Getting back on the bike after two bad wrecks sets up a relentless battle against hard-to-overcome emotional and physical consequences.
After her first wreck four years ago, 38-year-old Deana Michna wound up pushing a wheelchair as part of her therapy while she recovered from her injuries. It had been her first summer of real road riding. She didn’t think she’d ride again, but she did—only to get hurt again. Michna thought she’d hung up her bike for good, letting the emotional ghosts take over. Now, however, she’s gearing up for her first century ride: Bike MS, a national fundraiser for multiple sclerosis Locally, various rides are slated for Saturday and Sunday, Sept. 27-28, in and around Greenville, S.C.
“Seeing bikes started haunting me,” Michna says about the time she spent trying to ignore her bike.
It was the spring of 2004 when she got herself a hybrid mountain/road bike for riding the Cape Cod Rail Trail, a 22-mile scenic route that follows a historic rail line near the coast. As a traveling speech therapist, she next moved to Mount Airy, N.C., where she visited the bike shop looking for fun local rides. As any good bike-shop staff would, they introduced her to real road riding and got her involved in a women’s riding group.
“I borrowed a road bike and fell in love with it,” says Michna. She bought a Trek 1500, whizzing around the Blue Ridge Parkway and touring places like Orchard Gap, which features 3-mile climbs with steep switchbacks.
“We would climb up and then race back down pretty fast, and I was keeping up with the fast ones at about 35 miles per,” she recalls.
But a rookie mistake took her down as she came into a tight switchback. Seeking to slow down before the turn, she locked up her rear wheel and began fishtailing. Instead of letting up on the rear a bit, giving a little front brake and leaning into the turn, she locked up both brakes, causing her to sail over the bike directly onto her head … shoulder … and hip. She just bounced, fellow riders observed.
“I had virtually no road rash,” says Michna. “I didn’t even lose consciousness. How I didn’t break my neck, I don’t know.”
What she did break was the top of her thighbone—the ball of the hip joint—and her right clavicle.
Michna underwent trauma surgery at Wake Forest University Baptist Medical Center. She was in a wheelchair for three months. She spent five months rehabilitating, which meant she was out of work for some time. Her mom had to come help her.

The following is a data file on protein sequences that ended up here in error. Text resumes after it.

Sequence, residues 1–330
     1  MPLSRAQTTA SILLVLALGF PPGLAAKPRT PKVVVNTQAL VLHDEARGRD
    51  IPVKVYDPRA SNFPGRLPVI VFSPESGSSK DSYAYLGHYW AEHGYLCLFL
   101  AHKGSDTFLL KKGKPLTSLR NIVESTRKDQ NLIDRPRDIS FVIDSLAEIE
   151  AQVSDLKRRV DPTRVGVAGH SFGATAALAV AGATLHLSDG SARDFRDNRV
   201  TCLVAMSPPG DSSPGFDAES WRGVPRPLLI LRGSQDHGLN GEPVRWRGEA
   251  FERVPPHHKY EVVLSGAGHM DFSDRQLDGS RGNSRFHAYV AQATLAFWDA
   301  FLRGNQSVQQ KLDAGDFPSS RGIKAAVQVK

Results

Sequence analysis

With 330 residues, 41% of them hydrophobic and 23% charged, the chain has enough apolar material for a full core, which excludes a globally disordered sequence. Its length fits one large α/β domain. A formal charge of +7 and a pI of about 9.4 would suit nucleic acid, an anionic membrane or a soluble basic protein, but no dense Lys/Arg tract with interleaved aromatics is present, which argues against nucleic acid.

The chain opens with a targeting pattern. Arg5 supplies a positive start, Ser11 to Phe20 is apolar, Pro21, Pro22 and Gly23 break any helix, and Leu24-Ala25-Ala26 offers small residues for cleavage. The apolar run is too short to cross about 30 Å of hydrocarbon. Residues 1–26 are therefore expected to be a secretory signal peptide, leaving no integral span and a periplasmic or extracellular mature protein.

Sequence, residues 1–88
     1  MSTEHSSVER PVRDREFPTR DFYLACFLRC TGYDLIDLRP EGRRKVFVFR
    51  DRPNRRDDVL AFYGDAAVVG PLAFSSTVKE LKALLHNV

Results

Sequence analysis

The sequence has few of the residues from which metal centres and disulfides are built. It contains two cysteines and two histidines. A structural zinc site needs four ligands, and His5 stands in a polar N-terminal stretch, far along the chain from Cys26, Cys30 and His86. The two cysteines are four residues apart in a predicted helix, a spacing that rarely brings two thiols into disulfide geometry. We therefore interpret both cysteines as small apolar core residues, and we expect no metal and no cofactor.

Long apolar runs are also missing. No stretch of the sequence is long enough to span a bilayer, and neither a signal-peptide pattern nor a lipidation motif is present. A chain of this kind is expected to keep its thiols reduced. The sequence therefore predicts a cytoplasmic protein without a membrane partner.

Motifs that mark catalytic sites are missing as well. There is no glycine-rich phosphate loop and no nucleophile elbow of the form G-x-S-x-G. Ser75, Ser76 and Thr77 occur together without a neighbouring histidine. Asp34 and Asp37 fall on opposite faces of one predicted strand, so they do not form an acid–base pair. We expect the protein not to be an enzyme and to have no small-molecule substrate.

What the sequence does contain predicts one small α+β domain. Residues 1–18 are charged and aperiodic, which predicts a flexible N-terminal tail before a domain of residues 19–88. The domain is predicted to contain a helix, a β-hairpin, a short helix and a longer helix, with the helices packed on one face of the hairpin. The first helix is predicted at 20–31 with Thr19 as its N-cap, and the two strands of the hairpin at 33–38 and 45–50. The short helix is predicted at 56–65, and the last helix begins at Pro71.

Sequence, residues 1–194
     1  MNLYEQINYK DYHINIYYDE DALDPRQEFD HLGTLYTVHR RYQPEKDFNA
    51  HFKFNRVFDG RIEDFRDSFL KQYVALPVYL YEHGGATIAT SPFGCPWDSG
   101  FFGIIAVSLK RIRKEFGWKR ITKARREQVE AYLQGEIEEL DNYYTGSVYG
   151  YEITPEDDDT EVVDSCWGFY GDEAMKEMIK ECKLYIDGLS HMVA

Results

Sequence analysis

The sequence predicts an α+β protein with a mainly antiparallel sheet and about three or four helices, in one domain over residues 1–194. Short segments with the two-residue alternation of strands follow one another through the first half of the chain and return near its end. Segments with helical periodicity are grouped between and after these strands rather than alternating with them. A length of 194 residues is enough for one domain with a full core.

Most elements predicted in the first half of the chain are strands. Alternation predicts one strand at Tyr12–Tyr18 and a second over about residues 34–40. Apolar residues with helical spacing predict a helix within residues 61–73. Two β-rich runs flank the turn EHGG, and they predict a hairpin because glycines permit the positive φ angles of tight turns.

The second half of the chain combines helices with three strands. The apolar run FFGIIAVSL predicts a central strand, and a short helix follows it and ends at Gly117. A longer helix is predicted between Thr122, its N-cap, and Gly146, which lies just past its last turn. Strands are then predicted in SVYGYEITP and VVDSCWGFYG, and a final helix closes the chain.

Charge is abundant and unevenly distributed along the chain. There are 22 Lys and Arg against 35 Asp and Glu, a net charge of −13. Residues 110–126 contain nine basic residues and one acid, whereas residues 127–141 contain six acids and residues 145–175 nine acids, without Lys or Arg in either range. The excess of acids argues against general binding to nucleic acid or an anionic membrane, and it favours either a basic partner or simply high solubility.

A tight-knit group in any town, fellow cyclists also came to her aid. Stairs prevented Michna from returning home, so they housed both her and her mom as she healed. They also held a fundraiser to help her with medical bills.
Michna returned to work in six months and to her bike a year after the accident.
“I was riding again, but I felt like I had posttraumatic stress disorder,” she says. “I was skittish.”
The scene of the second accident was a set of railroad tracks in Washington state. She landed on her head and hurt the same hip and shoulder she’d injured earlier.
“I was angry when I had the accident,” says Michna. “After I realized I’d separated my shoulder and would need surgery, I hung up my bike and thought I couldn’t do it again.”
This time, she stayed off her bike for two years. “But when you’re 34 and you find a sport that you really like, it’s hard to turn your back on it,” Michna explains.
This past February, however, she needed yet another surgical repair to her shoulder. Ironically, it was the surgeon telling her she shouldn’t ride again that fueled her desire to do just that.
Her personal goal of riding 100 miles in a day meshed with co-workers who were making commitments to their health. She’s been training a lot this summer and recently rode 84 miles. “I saw the MS ride and thought it was perfect, because I would be giving back at the same time,” says Michna. “It wouldn’t be about just me.”
Meanwhile, she’s become a staunch advocate of helmets, which have saved her life at least twice. “I don’t care how good a rider you are, you don’t plan an accident,” she said. “I just want people to be aware.”
[Bettina Freese lives and bikes in Asheville.]